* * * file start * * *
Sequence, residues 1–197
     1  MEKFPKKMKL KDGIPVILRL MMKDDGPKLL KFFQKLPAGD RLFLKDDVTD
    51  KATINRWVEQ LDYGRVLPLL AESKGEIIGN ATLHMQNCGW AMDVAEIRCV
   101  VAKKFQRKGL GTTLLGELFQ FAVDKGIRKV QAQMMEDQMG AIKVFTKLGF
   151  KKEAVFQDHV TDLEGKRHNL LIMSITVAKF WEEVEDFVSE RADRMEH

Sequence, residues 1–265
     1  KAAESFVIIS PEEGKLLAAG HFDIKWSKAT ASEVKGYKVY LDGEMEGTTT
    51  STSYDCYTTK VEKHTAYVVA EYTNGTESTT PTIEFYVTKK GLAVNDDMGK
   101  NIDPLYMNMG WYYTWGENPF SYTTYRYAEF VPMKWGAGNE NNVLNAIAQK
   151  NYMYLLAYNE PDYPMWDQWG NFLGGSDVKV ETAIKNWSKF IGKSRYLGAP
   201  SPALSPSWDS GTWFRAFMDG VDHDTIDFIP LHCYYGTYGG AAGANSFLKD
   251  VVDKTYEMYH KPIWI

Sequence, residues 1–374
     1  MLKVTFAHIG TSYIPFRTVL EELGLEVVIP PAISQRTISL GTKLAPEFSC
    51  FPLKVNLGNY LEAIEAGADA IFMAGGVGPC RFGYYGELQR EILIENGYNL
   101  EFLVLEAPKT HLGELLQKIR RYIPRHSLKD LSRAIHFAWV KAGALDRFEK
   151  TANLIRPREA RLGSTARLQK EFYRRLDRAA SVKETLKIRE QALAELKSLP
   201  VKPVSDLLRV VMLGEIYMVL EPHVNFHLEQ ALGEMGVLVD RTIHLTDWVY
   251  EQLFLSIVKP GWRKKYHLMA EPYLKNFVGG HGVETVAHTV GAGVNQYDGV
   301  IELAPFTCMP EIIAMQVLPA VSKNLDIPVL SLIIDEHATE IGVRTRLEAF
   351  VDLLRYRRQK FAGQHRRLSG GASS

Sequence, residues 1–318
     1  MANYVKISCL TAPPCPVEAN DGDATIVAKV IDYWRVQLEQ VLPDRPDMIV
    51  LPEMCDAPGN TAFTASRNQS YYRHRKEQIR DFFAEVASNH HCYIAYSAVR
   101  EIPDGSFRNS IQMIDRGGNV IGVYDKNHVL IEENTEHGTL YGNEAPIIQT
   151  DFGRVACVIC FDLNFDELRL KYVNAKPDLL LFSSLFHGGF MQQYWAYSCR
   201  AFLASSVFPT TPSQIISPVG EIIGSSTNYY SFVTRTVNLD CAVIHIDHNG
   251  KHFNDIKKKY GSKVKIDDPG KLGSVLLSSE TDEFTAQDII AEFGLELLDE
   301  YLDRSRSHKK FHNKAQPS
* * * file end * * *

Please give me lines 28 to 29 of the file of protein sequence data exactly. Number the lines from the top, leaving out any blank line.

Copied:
   251  KHFNDIKKKY GSKVKIDDPG KLGSVLLSSE TDEFTAQDII AEFGLELLDE
   301  YLDRSRSHKK FHNKAQPS